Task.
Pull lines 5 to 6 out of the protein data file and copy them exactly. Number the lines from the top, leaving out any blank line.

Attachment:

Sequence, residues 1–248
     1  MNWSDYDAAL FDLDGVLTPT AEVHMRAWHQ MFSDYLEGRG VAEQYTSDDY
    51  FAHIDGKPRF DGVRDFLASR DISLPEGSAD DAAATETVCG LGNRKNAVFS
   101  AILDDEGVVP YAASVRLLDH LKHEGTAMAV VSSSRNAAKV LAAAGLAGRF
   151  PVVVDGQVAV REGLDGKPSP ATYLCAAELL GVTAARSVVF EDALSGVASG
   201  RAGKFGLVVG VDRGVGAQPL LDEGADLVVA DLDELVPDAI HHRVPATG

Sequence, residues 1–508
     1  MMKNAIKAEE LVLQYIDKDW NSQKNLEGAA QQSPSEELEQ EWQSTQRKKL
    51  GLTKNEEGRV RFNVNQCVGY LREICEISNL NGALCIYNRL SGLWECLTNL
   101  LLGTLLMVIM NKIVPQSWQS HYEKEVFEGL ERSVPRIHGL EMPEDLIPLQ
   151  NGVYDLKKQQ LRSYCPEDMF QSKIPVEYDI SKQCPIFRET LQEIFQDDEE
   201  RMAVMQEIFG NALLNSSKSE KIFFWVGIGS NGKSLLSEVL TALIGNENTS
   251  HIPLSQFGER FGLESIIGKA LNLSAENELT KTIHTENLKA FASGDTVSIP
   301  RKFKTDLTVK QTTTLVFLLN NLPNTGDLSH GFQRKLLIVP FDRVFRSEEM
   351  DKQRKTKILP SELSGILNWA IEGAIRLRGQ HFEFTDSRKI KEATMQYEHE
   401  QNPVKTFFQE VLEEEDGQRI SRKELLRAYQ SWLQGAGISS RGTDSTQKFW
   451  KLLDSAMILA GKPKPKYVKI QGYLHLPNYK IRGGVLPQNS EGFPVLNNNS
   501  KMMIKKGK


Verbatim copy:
   151  PVVVDGQVAV REGLDGKPSP ATYLCAAELL GVTAARSVVF EDALSGVASG
   201  RAGKFGLVVG VDRGVGAQPL LDEGADLVVA DLDELVPDAI HHRVPATG